Following lunch came the quiet reading time. After that, various guest experts offered workshops in the afternoon. Rev. Pirtle lists a chef, photographers, musicians, gardeners, and social-movement therapists among the many leaders who have engaged scholars in these activities.

Sean Collins, clinical supervisor for Counseling Solutions South and West Side, and two of his therapist colleagues lead an especially popular sessions. The three leaders guided the scholars in discussion, regulated activities, and expressive art to help them learn how to express  anger and frustration in healthy, constructive ways.  Collins also oversees the Justice Advisory Council–funded programs at Kids Above All.

Fridays were particularly fun. On those days, scholars took field trips to museums like the DuSable, Field, and Science and Industry; a community garden, a zoo, and a water park.  

CDF’s website explains that its Freedom Schools have their origin in the Mississippi Freedom Summer Project of 1964, during which college students from around the country traveled to Mississippi to secure justice and voting rights for Black citizens. They also helped lead Freedom Schools, which were aimed at keeping Black children and youth safe and giving them rich educational experiences that were not offered in Mississippi’s public schools.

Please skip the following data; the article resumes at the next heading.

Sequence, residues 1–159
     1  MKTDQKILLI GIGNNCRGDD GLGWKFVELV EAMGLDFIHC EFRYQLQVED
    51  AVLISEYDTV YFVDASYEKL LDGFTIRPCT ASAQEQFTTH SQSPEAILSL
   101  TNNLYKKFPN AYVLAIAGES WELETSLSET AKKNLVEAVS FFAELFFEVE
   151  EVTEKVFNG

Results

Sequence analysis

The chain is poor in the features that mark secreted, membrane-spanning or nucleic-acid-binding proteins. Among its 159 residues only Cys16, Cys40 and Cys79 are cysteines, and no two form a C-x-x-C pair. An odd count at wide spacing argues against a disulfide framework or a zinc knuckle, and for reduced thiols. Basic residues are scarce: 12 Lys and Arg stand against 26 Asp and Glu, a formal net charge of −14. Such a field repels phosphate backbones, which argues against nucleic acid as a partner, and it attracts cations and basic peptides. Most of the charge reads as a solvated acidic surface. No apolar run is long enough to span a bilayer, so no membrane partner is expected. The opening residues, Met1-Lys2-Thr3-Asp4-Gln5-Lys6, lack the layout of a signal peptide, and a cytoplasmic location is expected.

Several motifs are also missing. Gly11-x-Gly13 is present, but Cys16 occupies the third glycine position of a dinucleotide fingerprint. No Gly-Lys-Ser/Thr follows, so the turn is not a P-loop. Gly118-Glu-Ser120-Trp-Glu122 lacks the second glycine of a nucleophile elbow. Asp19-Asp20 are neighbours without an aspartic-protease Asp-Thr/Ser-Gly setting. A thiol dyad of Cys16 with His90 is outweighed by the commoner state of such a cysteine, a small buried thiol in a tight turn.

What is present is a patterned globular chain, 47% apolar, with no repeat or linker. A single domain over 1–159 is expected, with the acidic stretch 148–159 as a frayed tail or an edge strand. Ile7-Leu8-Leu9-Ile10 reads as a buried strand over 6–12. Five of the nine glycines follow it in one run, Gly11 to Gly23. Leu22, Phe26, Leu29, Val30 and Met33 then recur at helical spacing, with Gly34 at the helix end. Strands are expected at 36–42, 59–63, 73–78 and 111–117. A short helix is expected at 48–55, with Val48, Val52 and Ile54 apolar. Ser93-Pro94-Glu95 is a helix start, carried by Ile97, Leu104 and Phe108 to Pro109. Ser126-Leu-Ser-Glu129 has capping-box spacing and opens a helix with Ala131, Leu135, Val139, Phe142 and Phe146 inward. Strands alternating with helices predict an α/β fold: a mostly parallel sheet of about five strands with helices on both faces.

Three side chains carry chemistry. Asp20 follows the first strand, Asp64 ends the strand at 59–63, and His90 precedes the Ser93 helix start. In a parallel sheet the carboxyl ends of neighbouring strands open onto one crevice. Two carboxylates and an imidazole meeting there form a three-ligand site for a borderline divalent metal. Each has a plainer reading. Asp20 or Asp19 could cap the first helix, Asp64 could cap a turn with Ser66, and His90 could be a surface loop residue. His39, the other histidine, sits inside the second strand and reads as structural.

St. Mark’s summer program continued the after-school version that the church offered during the 2022-2023 school session. Rev. Pirtle is pleased that St. Mark got to be part of the academic year pilot project.  

“I had the opportunity to attend their program this summer, and it was a remarkable demonstration of our CDF Freedom School model,” says Rev. Rachel Birkhahn-Rommelfanger, senior partnerships associate, Faith Communities, for CDF. “St. Mark also did a fantastic job of involving the local community and church members in the program.”

After only 12 months of sessions, the St. Mark school has already borne remarkable results.

Rev. Pirtle offers an example of a reluctant scholar whose grandmother sent her to Freedom School. The child’s elementary class experience had not been inspiring or encouraging for the child. Today, this formerly reticent student is reading twice as much as she once did and readily offers her ideas about what she has learned and read.  

Not all the scholars come in with academic challenges, Rev. Pirtle explains. Some are bright and successful in school. A child who is already an academic achiever may be paired with a child who is struggling and together, they instill more confidence in each other.  

Even the college interns are energized by their Freedom School leadership. They receive robust training and through experience come to realize that they have the ability to transform the lives of young people.   

Freedom School requires a lot of preparation, assistance, and resources—including meals and snacks for the scholars. Even with this level of investment, the schools are more than worth it, Rev. Pirtle says. Churches are ideal hosts; Freedom Schools demonstrate God’s love profoundly.  

Rev. Birkhahn-Rommelfanger agrees. “CDF Freedom Schools at churches are especially wonderful because they already have a community to draw from to create a fantastic program for their context.”